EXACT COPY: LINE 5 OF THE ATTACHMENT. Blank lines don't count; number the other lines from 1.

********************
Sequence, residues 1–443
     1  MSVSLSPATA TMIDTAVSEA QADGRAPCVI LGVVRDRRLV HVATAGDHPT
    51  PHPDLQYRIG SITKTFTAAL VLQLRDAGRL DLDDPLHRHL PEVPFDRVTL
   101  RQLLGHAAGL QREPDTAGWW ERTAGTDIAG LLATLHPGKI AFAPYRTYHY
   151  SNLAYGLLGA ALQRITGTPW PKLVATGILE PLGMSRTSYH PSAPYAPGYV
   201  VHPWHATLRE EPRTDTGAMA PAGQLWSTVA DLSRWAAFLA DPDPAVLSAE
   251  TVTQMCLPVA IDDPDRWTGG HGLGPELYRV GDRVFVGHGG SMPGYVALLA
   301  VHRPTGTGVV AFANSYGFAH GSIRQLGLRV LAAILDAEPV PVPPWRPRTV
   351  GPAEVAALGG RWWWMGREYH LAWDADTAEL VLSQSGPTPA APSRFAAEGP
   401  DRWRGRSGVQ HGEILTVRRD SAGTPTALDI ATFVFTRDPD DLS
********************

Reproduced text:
   151  SNLAYGLLGA ALQRITGTPW PKLVATGILE PLGMSRTSYH PSAPYAPGYV